Culture
Culture refers to the beliefs, values, behavior and
material objects that, together, form a people's
way of life.
Culture determines how we view the world
around us
Culture includes the traditions we inherit and pass
on to the next generation
Culture: totality of our shared language,
knowledge, material objects, and behavior
© Copyright 2010 Alan S. Berger
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Culture and Society
• Society: the structure of relationships within which
culture is created and shared through regularized
patterns of social interaction
– Society provides the context within which our
relationships with the external world develop
– How we structure society constrains the kind of
culture we construct
– Cultural preferences vary across societies
© Copyright 2010 Alan S. Berger
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Human Culture
Only humans depend on culture rather than instincts to
ensure the survival of their kind.
Culture is very recent and was a long time in the making.
What sets primates apart from other animals is their
intelligence. Human achievements during the Stone
Age set humans off on a distinct evolutionary course,
making culture their primary survival strategy.
© Copyright 2010 Alan S. Berger
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Culture and Society
The concept of culture (a shared way of life) must be
distinguished from those of nation (a political entity)
or society (the organized interaction of people in a
nation or within some other boundary).
Many modern societies are multicultural---their people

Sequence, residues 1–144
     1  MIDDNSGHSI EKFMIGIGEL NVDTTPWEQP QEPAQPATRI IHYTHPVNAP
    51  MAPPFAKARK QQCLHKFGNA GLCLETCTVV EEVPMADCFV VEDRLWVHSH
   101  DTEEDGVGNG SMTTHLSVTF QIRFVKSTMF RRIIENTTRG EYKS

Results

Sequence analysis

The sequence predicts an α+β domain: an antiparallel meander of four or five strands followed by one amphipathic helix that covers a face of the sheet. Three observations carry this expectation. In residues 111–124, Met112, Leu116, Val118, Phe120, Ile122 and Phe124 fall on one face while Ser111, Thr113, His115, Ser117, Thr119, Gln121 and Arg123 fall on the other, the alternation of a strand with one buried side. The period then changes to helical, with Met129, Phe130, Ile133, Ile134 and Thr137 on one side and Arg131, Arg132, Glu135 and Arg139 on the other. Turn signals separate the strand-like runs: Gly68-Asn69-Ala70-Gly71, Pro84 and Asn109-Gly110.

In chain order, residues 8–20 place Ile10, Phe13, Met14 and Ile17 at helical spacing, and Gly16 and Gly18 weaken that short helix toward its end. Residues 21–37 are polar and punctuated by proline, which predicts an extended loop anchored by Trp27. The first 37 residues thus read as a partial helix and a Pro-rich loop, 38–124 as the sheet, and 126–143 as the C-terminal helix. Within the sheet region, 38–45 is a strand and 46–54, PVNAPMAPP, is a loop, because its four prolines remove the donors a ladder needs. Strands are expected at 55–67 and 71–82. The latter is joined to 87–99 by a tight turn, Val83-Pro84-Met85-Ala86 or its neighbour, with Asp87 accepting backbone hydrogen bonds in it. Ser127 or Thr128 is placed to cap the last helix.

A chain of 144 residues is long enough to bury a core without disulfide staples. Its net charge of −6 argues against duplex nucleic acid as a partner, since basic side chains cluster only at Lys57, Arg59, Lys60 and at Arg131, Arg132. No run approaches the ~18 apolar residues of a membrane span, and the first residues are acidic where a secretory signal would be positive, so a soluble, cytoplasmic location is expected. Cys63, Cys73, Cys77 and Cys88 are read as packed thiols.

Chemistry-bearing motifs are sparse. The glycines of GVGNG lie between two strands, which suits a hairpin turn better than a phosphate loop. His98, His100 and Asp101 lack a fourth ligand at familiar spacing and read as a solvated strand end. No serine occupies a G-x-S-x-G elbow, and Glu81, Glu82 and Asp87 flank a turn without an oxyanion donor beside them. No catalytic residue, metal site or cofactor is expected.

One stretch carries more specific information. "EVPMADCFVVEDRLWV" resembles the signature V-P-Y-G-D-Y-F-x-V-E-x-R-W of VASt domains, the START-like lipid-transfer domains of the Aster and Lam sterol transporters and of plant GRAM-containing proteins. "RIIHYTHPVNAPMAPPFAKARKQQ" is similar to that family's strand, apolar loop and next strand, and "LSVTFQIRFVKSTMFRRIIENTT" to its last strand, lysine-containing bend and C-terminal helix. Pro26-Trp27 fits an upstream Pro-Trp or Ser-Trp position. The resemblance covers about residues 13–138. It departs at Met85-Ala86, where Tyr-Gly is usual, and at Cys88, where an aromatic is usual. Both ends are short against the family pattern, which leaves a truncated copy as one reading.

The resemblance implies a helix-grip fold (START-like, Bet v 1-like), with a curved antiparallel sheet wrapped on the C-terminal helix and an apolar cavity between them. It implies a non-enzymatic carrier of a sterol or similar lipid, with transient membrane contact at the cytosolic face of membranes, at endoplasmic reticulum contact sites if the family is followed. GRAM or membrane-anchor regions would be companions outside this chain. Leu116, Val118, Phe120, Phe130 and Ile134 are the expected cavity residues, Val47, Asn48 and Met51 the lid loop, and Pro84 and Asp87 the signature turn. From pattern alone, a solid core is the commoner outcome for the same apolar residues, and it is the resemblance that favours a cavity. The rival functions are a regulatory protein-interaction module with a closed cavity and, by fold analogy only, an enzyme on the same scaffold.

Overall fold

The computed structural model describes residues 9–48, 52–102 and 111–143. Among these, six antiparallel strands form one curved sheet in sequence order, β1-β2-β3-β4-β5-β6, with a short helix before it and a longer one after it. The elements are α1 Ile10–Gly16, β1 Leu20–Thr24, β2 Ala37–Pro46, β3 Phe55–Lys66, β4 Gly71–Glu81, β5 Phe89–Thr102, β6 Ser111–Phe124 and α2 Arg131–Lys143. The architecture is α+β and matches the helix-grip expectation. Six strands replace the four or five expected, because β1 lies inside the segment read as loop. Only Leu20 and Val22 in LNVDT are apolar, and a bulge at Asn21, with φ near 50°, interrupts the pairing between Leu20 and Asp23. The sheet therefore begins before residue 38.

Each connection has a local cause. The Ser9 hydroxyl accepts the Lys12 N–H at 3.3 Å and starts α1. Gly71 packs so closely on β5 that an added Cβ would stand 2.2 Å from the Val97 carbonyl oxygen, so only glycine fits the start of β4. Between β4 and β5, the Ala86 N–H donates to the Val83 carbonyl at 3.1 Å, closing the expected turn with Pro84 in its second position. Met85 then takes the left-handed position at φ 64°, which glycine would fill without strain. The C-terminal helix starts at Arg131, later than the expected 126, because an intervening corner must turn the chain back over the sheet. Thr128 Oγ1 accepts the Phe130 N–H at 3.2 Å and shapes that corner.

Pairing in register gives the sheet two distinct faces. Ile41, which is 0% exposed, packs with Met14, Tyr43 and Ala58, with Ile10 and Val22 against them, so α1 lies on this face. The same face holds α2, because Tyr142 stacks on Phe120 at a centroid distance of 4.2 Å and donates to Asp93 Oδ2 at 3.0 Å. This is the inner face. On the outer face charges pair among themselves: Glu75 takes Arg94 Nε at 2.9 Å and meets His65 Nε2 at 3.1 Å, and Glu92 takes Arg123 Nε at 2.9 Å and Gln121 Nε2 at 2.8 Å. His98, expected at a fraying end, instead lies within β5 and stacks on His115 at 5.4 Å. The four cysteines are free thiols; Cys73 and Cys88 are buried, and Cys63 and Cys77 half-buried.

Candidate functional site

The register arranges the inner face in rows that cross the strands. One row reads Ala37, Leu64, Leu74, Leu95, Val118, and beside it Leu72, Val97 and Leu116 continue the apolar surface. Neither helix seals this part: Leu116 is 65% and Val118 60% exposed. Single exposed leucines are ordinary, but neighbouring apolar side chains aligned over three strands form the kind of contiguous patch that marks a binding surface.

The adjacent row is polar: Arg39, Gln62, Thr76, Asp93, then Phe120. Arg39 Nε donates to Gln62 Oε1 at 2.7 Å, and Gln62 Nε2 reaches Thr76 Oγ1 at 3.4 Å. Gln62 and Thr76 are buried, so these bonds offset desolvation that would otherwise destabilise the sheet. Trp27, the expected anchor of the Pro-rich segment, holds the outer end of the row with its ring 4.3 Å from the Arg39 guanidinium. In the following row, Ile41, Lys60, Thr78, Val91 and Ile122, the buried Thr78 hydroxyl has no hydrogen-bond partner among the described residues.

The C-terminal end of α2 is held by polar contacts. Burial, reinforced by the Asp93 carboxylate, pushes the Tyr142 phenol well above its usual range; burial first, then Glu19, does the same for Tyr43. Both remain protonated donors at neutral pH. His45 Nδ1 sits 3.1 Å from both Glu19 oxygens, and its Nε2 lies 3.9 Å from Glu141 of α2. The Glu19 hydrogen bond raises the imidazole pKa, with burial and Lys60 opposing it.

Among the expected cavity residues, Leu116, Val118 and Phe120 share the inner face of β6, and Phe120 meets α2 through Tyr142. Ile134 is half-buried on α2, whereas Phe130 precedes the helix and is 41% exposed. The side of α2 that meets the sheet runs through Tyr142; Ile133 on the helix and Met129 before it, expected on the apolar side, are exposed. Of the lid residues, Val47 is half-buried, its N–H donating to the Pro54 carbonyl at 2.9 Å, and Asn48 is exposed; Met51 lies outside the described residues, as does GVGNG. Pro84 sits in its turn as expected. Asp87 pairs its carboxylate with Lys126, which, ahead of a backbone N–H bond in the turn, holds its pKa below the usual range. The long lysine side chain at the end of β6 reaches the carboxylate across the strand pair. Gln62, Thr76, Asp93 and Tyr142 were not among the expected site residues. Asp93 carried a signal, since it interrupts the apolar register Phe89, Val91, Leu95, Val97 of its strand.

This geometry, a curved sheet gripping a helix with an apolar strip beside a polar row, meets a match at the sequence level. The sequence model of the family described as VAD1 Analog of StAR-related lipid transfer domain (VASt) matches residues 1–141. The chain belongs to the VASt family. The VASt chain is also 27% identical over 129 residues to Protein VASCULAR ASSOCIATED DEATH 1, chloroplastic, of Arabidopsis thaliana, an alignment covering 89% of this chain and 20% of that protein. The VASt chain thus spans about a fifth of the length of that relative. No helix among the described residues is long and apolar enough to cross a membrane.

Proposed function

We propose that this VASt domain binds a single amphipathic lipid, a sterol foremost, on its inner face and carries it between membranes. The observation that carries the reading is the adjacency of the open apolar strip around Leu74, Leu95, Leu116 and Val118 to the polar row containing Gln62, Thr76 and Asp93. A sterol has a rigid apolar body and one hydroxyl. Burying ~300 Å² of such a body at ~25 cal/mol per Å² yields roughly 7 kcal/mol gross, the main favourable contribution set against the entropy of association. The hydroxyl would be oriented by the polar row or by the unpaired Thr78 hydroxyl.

follow various ways of life that blend and sometimes
clash.
On this planet our race, homo sapiens evolved 250,000
years ago give or take a few thousand. But the first
cities appeared about 12,00 years ago. Think about
that. For 95% of human life there were no cities.
What kind of culture was there then?
© Copyright 2010 Alan S. Berger
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Components of Culture
All cultures have five common components:
symbols,
language,
values and beliefs,
norms, and
material culture, including technology.
Symbols are defined as anything that carries a particular meaning
recognized by people who share culture. The meaning of the same
symbols varies from society to society, within a single society, and
over time.
© Copyright 2010 Alan S. Berger
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Components of Culture
Language is a system of symbols that allows
people to communicate with one another. It
can be either written or spoken or both
Language is the key to cultural transmission,
the process by which one generation passes
.
culture
to the next.
Through most of human history, cultural
transmission has been accomplished through
oral tradition
Don’t ignore the non-verbal aspects
© Copyright 2010 Alan S. Berger
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Language and Values
The Sapir-Whorf thesis holds that people perceive
the world through the cultural lens of language.
A. For example what sport is football where?
B. How does anyone translate a concept for which there
is no equivalent?
C. How About chimps?
D. What is the effect of having English as the dominant
language on the Internet?
Values are culturally defined standards by which
people judge desirability, goodness and beauty,
and which serve as broad guidelines for social
living. Values are broad principles that underlie
beliefs, specific statements that people hold to be
true.
© Copyright 2010 Alan S. Berger
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Characteristics of American Culture
● The values of American Culture, according to Williams
are
1. Equal opportunity